Helping or Hovering?

1406 WordsNov 7, 20106 Pages
Helping or Hovering? Effects of Instructional Assistants Proximity On Students with Disabilities Across Canada, increasing emphasis has been placed on including students with disabilities in regular classrooms. Typically, schools assign an Educational Assistant to support them in the classroom. Recent research into this model has pointed to potential damage to students when schools rely too much on Educational Assistants. Several studies have suggested that too much of a good thing (EA support) can have far-reaching effects. One study completed was published in the Exceptional Children magazine, by Michael F. Giangreco, et al, called “Helping or Hovering? Effects of Instructional Assistant Proximity on Students with Disabilities”…show more content…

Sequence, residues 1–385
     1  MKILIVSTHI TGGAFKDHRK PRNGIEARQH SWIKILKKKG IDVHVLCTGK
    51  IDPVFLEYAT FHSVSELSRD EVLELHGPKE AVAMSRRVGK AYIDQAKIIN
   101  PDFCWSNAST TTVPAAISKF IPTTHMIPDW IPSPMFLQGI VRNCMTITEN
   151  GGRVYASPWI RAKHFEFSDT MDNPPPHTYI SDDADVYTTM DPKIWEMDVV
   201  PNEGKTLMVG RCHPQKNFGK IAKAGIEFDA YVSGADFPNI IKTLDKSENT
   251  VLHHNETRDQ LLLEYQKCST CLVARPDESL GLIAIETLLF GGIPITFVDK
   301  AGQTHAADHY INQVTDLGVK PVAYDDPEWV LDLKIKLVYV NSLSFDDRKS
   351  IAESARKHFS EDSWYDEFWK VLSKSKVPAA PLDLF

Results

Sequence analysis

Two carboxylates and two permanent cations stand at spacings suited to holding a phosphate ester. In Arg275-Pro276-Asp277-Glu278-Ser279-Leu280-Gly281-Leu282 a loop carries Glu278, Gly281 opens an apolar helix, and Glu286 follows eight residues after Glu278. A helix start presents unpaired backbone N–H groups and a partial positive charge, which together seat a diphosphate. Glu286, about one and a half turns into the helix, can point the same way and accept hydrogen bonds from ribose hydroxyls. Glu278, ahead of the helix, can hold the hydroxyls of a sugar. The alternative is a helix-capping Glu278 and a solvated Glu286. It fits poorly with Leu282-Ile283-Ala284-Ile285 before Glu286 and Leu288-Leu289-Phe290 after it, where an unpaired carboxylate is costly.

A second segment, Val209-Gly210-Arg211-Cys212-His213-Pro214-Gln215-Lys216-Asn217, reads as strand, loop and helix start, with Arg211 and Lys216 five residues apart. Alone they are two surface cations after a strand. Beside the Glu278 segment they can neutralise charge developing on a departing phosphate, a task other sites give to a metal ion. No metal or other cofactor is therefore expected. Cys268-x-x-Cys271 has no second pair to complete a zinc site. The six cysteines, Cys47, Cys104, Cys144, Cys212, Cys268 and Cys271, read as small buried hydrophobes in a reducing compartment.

The following is a list of considerations for future policy development, school-based practises, training, and research • School districts need to rethink their policies on hiring instructional assistants for individual students. • School staff and families need to reach agreements on when students need the close proximity. • School staff and community members need awareness training on the effects and potential harm to children caused by excessive adult proximity. • School teams need to explicitly clarify the role of the classroom teacher as the instructional leader in the classroom including their roles and responsibilities as the teacher for their students with disabilities. • School staff (e.g., classroom teachers, instructional assistants) should be afforded training in basic instructional procedures that facilitate learning by students with special educational needs in the context of typical classroom activities. • Students with disabilities need to be physically, programmatically, and interactionally included in classroom activities that have been planned by a qualified teacher in conjunction with support staff as needed. • Instructional assistants should be provided with competency-based training that includes ongoing, classroom-based supervision by the
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